They took the old lady to a Red Sox game. She was able to walk on her own, mostly, but only with support. They got her through the gates. Through the metal detectors. She was sickly, but they made it work.

They placed her into the seat. They were seated in the nosebleeds because that’s where her mother wanted to be. That’s sort of where she grew up.

The old woman remembered seeing games from long ago, seated in this very section. At the iconic American field, on Jersey Street, located near Kenmore Square. Here, she saw Ted Williams hit. She saw Johnny Pesky, Earl Johnson, Billy Goodman, Tom Sturdivant, Pumpsie Green. All the greats.

Fenway is America’s oldest Major League stadium. Since 1912, this ballpark has been the home of the Olde Towne Team.

The old woman remembers coming here when she was a girl. With her father. Back then, the place smelled heavily of parched peanuts and cigar smoke.

Fenway Park. With all its quirks. There’s the Big Green Monster. A 37-foot green wall, originally erected in 1914 to keep cheapskates from watching the game.

There is the solitary red seat (Section 42, Row 37, Seat 21), where Ted Williams once hit a 502-foot home run on June 9, 1946. Still the longest home run in Fenway Park history.

There is the Fisk Foul Pole, named after Carlton Fisk. In Game 6 of the 1975 World Series, Fisk hit a game-winning home run that stayed fair and ricocheted off the pole. Sox lost the series to Cincinnati.

There’s Duffy’s Cliff. Named for left fielder Duffy Lewis. The “cliff” was a 10-foot inclined slope in located in left field until 1933. Duffy Lewis would run up the hill and catch fly balls like he was in his own backyard.

Fenway Park is also—according to ardent Red Sox fans—the birthplace of the wave. It all started in the early 1900s, they say. Whenever a fan stood to get another beer, others in the row stood to let the fan exit. Whereupon, fans in rows behind would stand to keep watching the game. A chain-reaction of standing people would trickle across the section. And the Wave was born.

The old woman and her family settled in for the game. Her mother was struggling to breathe because that’s what lung cancer does to a woman. But the old gal was still keeping score on her scorecard. With a pencil. Like she always did.

When she was a girl, living in Charlestown, the summers were blisteringly hot, and the days were carefree. Her father used to leave their apartment for work, but turn on the radio before he left. He’d leave her with a scorecard. Her job was to keep score for him.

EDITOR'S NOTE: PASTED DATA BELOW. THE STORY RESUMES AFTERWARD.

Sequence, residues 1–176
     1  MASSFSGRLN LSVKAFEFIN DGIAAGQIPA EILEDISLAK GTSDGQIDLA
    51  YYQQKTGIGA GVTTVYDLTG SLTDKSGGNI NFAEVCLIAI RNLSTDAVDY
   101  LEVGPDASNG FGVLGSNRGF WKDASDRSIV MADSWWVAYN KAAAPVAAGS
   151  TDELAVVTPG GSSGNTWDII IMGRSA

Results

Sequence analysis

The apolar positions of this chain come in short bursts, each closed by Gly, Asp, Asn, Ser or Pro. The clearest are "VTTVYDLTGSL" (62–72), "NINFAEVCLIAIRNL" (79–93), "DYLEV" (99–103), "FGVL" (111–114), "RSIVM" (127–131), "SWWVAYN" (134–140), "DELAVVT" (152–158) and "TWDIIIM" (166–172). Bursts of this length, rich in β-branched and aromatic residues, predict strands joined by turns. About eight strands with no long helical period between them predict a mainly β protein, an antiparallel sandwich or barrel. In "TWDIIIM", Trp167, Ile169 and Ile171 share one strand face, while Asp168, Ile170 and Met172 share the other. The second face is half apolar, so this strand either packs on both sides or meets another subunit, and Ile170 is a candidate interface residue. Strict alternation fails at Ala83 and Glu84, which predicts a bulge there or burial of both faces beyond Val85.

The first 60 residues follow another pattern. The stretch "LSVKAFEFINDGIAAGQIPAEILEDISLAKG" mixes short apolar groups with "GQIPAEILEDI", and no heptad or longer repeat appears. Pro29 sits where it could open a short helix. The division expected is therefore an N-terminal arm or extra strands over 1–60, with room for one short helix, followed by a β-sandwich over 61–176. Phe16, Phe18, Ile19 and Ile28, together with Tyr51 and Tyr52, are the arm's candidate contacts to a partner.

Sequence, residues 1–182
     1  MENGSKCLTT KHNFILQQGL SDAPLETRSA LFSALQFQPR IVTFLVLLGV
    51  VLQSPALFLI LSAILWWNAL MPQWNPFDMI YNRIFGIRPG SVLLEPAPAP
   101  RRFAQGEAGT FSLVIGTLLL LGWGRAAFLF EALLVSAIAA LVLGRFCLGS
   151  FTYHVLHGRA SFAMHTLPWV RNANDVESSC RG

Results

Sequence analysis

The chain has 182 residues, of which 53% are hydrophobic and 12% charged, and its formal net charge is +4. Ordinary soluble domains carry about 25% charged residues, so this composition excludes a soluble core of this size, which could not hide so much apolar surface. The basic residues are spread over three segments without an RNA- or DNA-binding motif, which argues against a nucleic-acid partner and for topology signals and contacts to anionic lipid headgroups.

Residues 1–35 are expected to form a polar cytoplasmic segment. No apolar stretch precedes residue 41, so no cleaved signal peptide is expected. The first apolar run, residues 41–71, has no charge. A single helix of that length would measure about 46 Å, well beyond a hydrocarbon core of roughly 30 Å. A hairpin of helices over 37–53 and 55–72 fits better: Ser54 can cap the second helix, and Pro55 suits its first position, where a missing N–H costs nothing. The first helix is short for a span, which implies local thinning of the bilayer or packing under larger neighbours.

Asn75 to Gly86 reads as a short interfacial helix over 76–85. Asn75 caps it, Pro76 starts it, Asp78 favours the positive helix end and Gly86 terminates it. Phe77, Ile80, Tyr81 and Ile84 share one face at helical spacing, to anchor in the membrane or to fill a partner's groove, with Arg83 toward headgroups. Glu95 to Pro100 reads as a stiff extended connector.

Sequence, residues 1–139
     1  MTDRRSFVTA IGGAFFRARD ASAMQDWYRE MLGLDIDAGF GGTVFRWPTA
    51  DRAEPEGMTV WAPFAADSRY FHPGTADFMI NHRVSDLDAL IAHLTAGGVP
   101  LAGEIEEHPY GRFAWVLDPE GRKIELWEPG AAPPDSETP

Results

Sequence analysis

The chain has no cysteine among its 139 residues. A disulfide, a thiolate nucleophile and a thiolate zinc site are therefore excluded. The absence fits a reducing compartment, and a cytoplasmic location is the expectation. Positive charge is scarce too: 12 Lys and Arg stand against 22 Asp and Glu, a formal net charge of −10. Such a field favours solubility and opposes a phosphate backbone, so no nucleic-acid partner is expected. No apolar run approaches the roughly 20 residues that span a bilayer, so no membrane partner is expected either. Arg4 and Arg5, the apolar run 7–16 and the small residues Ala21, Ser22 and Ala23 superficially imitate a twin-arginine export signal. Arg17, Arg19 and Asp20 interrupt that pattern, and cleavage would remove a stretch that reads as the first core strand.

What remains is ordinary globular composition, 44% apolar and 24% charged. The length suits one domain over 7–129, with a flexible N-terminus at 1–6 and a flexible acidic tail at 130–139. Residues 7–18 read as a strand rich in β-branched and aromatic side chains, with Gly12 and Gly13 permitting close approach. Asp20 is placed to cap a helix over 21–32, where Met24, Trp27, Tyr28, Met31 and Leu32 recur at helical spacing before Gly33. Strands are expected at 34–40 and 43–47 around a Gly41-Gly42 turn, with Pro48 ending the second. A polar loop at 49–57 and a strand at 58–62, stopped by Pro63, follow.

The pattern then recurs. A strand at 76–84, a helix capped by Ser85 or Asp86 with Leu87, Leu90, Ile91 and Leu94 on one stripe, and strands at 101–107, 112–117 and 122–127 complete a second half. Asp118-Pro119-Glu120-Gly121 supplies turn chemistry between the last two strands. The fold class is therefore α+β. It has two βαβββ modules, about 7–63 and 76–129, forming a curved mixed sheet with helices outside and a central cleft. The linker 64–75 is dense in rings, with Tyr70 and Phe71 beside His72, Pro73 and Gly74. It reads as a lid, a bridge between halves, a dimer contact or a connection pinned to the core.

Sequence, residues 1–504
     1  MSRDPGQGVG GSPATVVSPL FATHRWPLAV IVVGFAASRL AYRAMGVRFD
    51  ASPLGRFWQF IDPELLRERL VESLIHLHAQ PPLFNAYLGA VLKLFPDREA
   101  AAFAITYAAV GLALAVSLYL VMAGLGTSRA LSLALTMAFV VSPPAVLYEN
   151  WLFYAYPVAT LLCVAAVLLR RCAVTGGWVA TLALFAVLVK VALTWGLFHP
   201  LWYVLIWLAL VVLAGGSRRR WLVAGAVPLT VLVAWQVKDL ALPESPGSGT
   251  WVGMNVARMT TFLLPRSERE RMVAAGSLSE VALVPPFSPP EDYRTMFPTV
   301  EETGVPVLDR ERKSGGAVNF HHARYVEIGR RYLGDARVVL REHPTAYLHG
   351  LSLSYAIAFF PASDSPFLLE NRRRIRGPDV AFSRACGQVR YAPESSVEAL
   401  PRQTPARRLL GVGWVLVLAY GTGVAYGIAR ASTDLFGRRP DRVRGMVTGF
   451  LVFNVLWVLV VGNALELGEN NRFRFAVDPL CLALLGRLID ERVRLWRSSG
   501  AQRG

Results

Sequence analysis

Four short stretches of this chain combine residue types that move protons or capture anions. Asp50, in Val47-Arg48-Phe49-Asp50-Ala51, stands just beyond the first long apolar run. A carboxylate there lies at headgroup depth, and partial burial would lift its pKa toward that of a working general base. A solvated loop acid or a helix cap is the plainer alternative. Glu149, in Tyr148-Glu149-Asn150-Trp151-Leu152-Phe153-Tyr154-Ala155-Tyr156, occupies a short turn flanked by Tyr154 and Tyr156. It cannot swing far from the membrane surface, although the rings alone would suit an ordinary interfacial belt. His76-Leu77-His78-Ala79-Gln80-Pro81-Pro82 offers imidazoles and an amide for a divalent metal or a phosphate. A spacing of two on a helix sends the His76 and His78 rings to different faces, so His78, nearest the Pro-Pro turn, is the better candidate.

So that’s what she was doing today. She was keeping score. Remembering the cigar smoke. Thinking about the days of yore.

Keeping score on a card is an art. Whenever the hitter would ground out to shortstop, she would write “6-3.” When the hitter would fly out to left, she would write “7.” She marked every error. Every double play.

Thankfully, the Crimson Hose won the game that night. She was ecstatic. Her daughter remarked, “I don’t think I’ve ever seen her so happy, except when they won the Series in 2004.”

October 27, 2004. It was the Sox’s first Series win since 1918. The only Boston World Series win the old woman had ever witnessed in her lifetime. A square-off between the Saint Louis Gas House Gang and the Cardiac Kids. The Sox swept the Cards in four games. It was historic.

“I remember that day,” said her daughter. “My mom called me on the phone, I was working in San Antonio at the time. My mom was crying hysterically. She said, ‘We won, honey! We won!’”

The Sox won this game too. It was a good game. A big win. One might even say the Sox won it for her.

She died last Tuesday. She went quickly. Her family was nearby. A few days later, she was lying in a casket, with a Red Sox lapel pin fixed to her collar. A faint smile on her face.

I wonder if there is cigar smoke in heaven.


  1. Slimpicker - July 1, 2023 2:43 am

    There may not be cigar smoke in heaven, but I’ll bet you can smell parched peanuts or boiled peanuts in the southern part of heaven.

  2. stephen e acree - July 1, 2023 1:57 pm

    Even Babe Ruth smiled at that story.


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